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7

Indeed, dawn should be translated as "amanecer" or "alba" ... esperó al amanecer. ... esperó a las primeras luces del alba Seeing that you already found a really blatant example of bad translation in the version of that book you are working with, it should not be surprising this is another oner.


4

Entendiendo que te refieres a "ser aceptada" por la Real Academia Española. El conjunto de los académicos se reúne regularmente en los Plenos, para poner en común las propuestas de las diferentes comisiones, y tomar decisiones sobre ellas. El proceso de actualización de un diccionario se centra en las siguientes tareas: La adición de nuevos artículos o ...


4

The correct term is: ¿qué tal? This a very used term when you already said something: hola, ¿qué tal?; buenas tardes, ¿qué tal? etc.


3

En el español existen los fenómenos fonéticos, estos son sustituciones, sustracciones o adhesiones de sonidos a las palabras. Por ejemplo: T"oalla - toballa." "Zanahoria - zanadoria." "Aguja - abuja," etc. Ahora, tomándolo desde el punto de vista de la historia del lenguaje, podemos ver que a medida que se van construyendo sociedades, nos vamos ...


2

It is not standard Spanish and I've likewise never heard it. That said, many regions of Spain spoke (and/or speak) languages other than Castilian and, as a result, their Castilian can be sometimes strongly influenced by those. Note their conjugations of haber/haver: Language | Conjugation | Note ...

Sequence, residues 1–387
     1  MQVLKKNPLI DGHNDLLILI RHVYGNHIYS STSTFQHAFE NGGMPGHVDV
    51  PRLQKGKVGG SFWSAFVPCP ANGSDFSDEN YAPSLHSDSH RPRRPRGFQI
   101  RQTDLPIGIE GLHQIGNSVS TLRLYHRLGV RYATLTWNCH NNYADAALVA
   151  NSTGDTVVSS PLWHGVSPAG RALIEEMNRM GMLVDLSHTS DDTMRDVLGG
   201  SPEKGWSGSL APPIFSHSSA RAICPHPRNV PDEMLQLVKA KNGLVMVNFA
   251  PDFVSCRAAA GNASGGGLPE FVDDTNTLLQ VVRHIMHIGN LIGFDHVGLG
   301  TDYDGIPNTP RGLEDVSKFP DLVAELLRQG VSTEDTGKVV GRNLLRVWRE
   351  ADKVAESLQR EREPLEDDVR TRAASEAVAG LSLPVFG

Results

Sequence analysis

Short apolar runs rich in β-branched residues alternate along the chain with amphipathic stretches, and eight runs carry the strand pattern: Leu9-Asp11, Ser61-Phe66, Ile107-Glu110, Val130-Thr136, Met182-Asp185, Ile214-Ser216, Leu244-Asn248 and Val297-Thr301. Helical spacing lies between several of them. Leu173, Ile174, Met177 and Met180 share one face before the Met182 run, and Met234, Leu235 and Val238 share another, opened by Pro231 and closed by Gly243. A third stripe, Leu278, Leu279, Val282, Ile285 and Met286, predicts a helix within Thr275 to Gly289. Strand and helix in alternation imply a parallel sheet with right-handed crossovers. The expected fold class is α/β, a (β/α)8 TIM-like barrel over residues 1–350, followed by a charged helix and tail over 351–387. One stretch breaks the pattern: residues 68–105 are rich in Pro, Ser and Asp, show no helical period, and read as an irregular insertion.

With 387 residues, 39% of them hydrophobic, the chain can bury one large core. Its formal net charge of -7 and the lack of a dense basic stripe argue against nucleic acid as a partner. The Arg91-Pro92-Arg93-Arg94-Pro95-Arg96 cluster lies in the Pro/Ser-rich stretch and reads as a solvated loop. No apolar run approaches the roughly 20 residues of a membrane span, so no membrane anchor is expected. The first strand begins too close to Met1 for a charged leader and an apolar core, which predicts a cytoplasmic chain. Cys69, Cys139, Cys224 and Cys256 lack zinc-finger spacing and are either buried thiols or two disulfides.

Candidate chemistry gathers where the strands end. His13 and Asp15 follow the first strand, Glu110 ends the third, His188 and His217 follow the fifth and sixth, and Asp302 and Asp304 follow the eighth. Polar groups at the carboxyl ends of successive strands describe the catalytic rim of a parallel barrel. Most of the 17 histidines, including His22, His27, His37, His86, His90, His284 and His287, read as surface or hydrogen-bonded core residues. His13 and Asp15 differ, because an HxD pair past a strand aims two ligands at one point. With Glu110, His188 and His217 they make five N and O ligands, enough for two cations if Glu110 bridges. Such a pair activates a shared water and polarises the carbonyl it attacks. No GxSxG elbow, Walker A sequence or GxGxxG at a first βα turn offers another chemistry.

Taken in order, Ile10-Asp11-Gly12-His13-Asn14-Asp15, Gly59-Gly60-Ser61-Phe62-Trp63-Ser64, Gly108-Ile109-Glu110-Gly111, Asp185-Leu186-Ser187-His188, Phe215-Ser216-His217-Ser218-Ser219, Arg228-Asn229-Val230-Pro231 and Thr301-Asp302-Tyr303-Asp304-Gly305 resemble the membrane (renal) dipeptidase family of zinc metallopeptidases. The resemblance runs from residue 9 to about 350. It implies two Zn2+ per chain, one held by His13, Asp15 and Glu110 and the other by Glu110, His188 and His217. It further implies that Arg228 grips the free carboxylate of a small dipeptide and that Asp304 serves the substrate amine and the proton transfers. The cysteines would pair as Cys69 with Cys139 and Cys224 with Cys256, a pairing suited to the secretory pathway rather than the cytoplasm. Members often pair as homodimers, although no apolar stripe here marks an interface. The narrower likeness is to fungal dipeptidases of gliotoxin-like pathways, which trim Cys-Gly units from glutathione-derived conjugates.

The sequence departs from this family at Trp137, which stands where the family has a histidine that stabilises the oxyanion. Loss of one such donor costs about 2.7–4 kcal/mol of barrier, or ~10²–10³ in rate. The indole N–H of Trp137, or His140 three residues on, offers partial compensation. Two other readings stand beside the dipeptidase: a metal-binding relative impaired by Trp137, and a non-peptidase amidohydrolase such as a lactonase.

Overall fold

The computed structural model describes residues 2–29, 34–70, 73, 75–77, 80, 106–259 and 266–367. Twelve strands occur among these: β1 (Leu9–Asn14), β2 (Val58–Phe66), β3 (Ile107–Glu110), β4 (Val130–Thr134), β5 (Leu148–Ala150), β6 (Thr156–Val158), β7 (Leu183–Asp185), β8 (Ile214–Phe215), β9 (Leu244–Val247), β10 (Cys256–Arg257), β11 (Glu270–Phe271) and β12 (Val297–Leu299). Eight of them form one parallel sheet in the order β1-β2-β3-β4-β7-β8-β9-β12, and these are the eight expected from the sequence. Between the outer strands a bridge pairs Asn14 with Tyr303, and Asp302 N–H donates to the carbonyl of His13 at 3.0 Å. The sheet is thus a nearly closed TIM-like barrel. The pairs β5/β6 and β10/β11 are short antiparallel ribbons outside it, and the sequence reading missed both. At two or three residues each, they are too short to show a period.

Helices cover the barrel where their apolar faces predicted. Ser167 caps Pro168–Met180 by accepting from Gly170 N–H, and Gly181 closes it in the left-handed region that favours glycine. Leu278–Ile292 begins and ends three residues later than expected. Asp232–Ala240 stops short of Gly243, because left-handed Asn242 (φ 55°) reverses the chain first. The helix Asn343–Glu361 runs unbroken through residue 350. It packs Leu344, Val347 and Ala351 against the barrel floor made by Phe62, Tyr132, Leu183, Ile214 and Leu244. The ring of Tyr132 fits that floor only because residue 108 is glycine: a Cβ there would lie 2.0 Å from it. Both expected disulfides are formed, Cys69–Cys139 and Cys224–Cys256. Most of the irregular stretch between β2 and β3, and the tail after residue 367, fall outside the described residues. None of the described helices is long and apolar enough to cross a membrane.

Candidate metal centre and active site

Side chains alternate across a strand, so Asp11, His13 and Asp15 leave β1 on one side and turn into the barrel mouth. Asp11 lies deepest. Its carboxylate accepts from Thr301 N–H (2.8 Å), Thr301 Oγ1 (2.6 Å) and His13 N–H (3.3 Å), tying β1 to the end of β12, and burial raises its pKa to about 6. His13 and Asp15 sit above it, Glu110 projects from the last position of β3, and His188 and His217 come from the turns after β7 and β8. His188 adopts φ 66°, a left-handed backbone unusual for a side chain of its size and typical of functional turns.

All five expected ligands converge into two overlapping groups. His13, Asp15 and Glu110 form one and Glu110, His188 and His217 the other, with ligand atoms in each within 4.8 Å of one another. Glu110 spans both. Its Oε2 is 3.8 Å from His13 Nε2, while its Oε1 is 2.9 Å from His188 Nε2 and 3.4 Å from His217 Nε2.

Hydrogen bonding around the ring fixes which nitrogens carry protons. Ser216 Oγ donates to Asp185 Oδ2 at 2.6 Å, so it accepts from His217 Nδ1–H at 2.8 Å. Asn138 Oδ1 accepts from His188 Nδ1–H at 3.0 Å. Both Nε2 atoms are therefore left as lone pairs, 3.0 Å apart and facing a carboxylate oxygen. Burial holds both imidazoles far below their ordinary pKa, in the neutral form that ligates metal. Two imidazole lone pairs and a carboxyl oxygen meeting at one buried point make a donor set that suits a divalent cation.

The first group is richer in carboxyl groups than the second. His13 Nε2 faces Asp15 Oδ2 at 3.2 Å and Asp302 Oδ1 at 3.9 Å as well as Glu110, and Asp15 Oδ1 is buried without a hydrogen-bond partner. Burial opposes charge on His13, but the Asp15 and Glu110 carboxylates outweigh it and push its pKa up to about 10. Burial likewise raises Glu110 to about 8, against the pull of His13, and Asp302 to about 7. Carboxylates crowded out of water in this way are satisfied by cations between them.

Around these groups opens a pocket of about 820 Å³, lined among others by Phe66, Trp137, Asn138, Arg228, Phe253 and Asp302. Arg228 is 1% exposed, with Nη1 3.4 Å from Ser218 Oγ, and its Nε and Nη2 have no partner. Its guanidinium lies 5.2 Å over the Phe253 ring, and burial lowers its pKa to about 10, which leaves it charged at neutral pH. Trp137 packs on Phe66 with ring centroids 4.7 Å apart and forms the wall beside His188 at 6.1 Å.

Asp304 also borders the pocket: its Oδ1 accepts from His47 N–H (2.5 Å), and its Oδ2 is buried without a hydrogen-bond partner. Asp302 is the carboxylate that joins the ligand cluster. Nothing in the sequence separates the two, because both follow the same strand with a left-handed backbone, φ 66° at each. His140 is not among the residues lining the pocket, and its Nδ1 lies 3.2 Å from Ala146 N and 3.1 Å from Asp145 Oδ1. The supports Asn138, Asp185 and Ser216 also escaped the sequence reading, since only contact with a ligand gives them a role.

2

I would try Foreword. I would have favored "Note from the author", but as you say in the comments you want something less verbose. Actually, the only example I can think of it right now is Anathem, from Neal Stephenson, where he has a note for the reader and states that if the reader likes "hard" science fiction they can skip the note, and if not, there is ...


2

Hay unas normas en la RAE, pero también aparece en su definición: "No siempre su presencia responde a la necesidad de realizar una pausa en la lectura y, viceversa, existen en la lectura pausas breves que no deben marcarse gráficamente mediante comas. Aunque en algunos casos el usar la coma en un determinado lugar del enunciado puede depender del gusto o de ...


2

Se suele usar duplicada para indicar alternancia: ora lloraba, ora reía (de manera similar a «bien... bien» o «ya... ya»). Es raro usarlo fuera del lenguaje poético o arcaico.


2

Just a little addition to the existing good answers: I believe that both allá and acá both originally were used in a similar way to the English thither and hither respectively (i.e. to there or to here), but this is not longer strictly required in modern Spanish grammar, as in modern English. Currently, allá is typically used to mean over there, with a ...


2

The most appropriate adjective is "estremecedora", because it meets all the characteristics of the adjective "haunting". Meaning of "estremecedora": to remove (something like a tremor) something inside someone deeply. In this context "melodía estremecedora" gives way to be something beautiful, something enthralling and somber / sad. To explain the ...


1

For a short statement like this, I favor "Author's Note," i.e. a short piece of information which the author considers useful to readers before reading the book. It is a neutral term, whereas "Warning" or "Caveat" could be interpreted as negative, and I'm assuming no author wants to warn readers away. The Spanish "advertencia" is often used in the same way ...


1

Spanish people understand "versus" as an english word, with the meaning of "against", not with the latin meaning of "towards"



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